1. Don’t let it come down to a kick. Eddy Pineiro’s surprise inclusion on Saturday’s injury report, and official “questionable” status, does leave open the possibility the Bears don’t have a kicker on Monday night. Matt Nagy sounded optimistic about Pineiro’s injury being "minor" and having him available at FedEx Field, but the best thing the Bears can do is make sure they don’t desperately need their kicker to win (as they did last week).
Maybe Pineiro plays, maybe he doesn’t. But this is more of a general key: The Bears need roster talent advantage to take over on Monday night. Pineiro proved he can make the big kick last week, but if he’s at all banged up, it would be best to make sure he doesn’t need to make a kick to win at the end.
2. Hit intermediate throws and downfield shots. The Bears’ offensive line righted itself last week in Denver after a rough beginning of the season, and should provide ample time for Mitch Trubisky to push the ball downfield. Washington only has two sacks and 20 total pressures this year, and doesn’t have the talent in its secondary — even with big names like Josh Norman and Landon Collins — to make plays downfield.
To wit: Carson Wentz completed six of eight intermediate throws (traveling 10-20 yards beyond the line of scrimmage) and threw two touchdowns on passes traveling 20 yards or more beyond the line of scrimmage. A week later, Dak Prescott completed all six of his intermediate throws and hucked a touchdown on a deep ball.
Prescott and Wentz have, of course, looked much better than Trubisky over the first two weeks of the season. But at the very least, the opportunities for Trubisky to push the ball downfield should be there. The 2017 No. 2 overall pick needs to take advantage of those openings when they present themselves.
Succeeding here will require a good run-pass balance, though, because while Washington hasn’t got much out of their pass rush it does feature four former first-round picks (Ryan Kerrigan, Montez Sweat, Daron Payne, Jonathan Allen — provided Allen plays) who can still get after a quarterback if a passing play becomes obvious.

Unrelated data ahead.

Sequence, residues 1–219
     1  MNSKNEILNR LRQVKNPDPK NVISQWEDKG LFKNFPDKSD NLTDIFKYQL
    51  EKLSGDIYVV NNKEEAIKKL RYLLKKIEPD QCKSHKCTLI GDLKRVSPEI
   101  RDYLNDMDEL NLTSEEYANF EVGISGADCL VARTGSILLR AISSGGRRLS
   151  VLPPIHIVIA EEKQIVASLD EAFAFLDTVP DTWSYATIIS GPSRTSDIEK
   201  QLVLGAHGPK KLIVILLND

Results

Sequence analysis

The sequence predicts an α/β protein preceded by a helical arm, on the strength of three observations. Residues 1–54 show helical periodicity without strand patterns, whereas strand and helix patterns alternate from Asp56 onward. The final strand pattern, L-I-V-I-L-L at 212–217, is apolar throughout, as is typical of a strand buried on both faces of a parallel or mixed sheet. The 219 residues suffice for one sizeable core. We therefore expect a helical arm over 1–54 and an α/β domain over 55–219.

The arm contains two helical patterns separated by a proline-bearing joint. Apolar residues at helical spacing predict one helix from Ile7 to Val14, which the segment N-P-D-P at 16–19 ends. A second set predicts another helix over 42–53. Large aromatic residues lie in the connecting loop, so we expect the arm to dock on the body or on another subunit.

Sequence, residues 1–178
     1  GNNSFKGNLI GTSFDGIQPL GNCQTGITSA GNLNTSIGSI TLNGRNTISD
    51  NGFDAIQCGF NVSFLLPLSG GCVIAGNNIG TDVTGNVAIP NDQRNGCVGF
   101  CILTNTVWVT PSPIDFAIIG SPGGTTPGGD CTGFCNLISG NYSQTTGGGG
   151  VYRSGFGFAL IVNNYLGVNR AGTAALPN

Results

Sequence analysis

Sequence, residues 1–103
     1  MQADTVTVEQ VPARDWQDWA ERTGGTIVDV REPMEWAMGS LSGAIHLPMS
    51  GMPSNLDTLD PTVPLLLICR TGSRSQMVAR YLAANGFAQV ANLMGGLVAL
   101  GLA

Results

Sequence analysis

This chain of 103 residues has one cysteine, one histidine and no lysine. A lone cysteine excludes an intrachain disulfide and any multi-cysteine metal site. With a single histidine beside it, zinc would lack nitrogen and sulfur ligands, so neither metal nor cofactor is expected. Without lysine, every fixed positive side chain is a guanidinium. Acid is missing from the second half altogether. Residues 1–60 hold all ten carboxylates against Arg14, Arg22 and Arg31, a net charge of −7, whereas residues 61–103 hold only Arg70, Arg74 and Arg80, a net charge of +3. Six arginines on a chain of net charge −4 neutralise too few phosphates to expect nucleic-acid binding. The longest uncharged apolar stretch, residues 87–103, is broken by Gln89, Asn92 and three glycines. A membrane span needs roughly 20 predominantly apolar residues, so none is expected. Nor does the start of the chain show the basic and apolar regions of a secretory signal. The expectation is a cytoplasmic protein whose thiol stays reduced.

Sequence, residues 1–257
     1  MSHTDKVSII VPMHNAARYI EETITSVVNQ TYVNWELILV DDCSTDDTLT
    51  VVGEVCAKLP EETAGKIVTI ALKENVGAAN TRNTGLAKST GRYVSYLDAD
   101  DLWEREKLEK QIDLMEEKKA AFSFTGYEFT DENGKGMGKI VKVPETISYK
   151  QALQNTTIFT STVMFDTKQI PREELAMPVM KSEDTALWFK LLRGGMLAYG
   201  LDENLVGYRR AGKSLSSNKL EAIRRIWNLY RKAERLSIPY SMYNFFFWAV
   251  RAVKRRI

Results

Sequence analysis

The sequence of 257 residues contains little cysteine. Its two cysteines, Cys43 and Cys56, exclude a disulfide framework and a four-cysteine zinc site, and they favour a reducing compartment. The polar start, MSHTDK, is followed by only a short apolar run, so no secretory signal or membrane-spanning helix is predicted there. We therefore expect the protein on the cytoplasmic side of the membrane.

3. Don’t get beat on play action. While Washington has one of the NFL’s worst rushing offenses (ranking 30th in yards per rush and rushing yards per game), Case Keenum has been one of the NFL’s most effective quarterbacks when using play action. Rookie receiver Terry McLaurin is a legitimate deep threat of whom Eddie Jackson and Ha Ha Clinton-Dix will need to be aware.
But the Bears’ defense is outstanding, and should be able to generate pressure on Keenum against an offensive line missing holdout left tackle Trent Williams. That could help keep a lid on Washington's offense, which ranks fifth in DVOA, just as effectively as Jackson and Clinton-Dix could.
Prediction: Bears 20, Redskins 17. For those hoping Monday night will be the breakout game for the Bears’ offense, they’ll still be waiting. Washington’s defense isn’t very good, and the crowd atmosphere at FedEx Field won’t intimidate anyone on the Bears’ sideline. But this is still a road game, and the Bears only won one road game by more than a touchdown in 2018 (against a Buffalo Bills team quarterbacked by Nathan Peterman).
The expectation, though, is for the Bears’ offense to be better than it was in Weeks 1 and 2. That may not lead to a 2018-Week-4 level of explosion, but merely getting to 20 points would represent progress for this offense. What’ll be key, though: The Bears’ defense will force multiple takeaways, offsetting a handful of big plays made by Case Keenum and helping secure a narrow victory in Maryland.